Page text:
- On-demand certificate programs to help Chipotle employees advance their careers in as little as eight weeks.
- 401(k) includes a company match of 100 percent on the first 3 percent of the compensation an employee contributes, and 50 percent on the next 2 percent of compensation an employee contributes. The match is available once the employee reaches 1,000 hours worked in a plan year. All funds are fully vested from day one.
- Eligible employees who have worked at Chipotle for at least 12 months can contribute a percentage of their base pay through payroll deductions in a stock purchase program. At the end of each quarter, those contributions are used to purchase whole and fractional shares of Chipotle stock at a discounted price.
- Every employee gets a free meal during their shift and 50 percent off when they’re not on the clock.
- Hourly workers can accrue paid vacation time after a year of employment. Parental leave eligible kitchen managers and service managers are given five days of paid parental leave following the birth of their child or the placement of a child in connection with adoption or foster care.
- Chipotle holds semi-annual performance reviews where crew, kitchen managers, and service managers are eligible to receive a merit increase after each review based on their performance and overall contribution to the restaurant. In 2021, Chipotle paid $37 million in bonuses.
- On that note, full-time crew, kitchen managers, and service managers (those who work more than 32 hours per week on average) who have been with the company for at least a year are eligible for a bonus every December. Those who have worked the full quarter at their restaurant will be eligible to receive an additional week of pay if their restaurant achieves predetermined performance metrics for that quarter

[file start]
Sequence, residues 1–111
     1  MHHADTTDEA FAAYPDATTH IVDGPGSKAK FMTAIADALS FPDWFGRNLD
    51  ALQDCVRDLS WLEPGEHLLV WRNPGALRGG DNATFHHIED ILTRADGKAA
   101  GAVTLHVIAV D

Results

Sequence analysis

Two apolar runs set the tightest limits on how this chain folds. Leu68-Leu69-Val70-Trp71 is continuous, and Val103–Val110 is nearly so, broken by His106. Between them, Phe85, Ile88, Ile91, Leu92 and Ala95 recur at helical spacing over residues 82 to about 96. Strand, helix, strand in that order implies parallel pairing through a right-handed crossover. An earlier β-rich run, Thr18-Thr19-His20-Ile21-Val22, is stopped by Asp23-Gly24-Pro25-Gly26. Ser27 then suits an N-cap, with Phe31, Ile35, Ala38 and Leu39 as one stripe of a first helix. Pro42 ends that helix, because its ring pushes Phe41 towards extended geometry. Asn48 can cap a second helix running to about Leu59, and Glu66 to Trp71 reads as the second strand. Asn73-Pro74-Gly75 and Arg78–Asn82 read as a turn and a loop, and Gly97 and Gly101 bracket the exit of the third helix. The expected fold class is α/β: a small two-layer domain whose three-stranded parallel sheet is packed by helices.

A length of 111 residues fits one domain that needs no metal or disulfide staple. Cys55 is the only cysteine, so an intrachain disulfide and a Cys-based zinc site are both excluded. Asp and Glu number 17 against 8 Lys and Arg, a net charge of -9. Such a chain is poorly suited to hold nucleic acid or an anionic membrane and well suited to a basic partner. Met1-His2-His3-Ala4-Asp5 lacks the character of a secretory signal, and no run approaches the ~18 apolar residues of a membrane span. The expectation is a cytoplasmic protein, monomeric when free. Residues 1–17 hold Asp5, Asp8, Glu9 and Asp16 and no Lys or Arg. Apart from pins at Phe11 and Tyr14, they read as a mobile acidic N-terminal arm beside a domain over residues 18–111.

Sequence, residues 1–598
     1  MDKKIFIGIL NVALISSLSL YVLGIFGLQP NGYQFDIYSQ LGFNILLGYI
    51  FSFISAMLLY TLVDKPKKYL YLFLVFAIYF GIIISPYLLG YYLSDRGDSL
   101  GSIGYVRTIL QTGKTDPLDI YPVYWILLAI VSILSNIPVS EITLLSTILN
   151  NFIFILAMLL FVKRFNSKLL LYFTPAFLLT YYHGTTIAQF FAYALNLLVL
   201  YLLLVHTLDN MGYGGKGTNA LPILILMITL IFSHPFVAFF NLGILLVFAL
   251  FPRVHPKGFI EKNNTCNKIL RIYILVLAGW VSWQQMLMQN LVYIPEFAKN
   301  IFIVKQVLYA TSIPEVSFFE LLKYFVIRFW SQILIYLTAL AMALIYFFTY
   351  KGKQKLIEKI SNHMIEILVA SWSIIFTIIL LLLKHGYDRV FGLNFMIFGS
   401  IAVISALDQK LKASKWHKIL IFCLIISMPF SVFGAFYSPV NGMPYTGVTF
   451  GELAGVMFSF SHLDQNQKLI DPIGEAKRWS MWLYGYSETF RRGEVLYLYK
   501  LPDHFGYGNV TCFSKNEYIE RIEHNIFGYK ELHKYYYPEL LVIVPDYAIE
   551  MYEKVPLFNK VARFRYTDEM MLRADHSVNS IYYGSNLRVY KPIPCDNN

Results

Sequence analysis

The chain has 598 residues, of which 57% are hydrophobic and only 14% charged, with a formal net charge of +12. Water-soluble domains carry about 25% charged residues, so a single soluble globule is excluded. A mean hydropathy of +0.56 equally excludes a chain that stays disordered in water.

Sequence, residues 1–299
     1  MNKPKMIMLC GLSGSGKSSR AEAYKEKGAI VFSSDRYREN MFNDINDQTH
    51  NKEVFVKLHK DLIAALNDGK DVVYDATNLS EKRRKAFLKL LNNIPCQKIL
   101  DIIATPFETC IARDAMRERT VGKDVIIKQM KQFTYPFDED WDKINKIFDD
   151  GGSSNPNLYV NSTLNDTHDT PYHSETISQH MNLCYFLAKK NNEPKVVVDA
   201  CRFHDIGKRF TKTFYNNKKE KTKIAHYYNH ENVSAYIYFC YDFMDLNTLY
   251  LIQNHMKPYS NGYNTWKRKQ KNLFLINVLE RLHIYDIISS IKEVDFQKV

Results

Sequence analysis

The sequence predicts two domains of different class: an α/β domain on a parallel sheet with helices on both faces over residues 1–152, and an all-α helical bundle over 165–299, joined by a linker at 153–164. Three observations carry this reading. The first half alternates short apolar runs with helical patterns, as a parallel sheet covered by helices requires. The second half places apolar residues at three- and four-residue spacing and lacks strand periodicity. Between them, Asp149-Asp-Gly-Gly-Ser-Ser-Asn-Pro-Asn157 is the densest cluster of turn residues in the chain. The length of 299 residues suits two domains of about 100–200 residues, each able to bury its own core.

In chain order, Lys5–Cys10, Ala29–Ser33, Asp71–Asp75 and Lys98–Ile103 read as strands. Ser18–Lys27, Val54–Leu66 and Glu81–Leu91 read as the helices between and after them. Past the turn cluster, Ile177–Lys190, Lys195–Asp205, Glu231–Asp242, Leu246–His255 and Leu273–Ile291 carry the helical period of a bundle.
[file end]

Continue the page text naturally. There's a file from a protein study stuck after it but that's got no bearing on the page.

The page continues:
- The brand supplies company-paid basic life insurance to employees, spouses, and children and short-term disability benefits in case of an illness or non-work-related injury to all kitchen managers and service Managers. Temporary or non-employee/contingent workers are not eligible for benefits.
In other statistics, Chipotle purchased 189.7 million pounds of chicken in 2021; 14.6 million pounds of pork; 84.3 million pounds of beef; 53.6 million pounds of sour cream; 88.2 million pounds of cheese 124 million pounds of avocados; 46.8 million pounds of bell peppers; and, overall, 380 million pounds of total produce, including 37 million pounds of local produce and 10.8 million pounds of organic produce.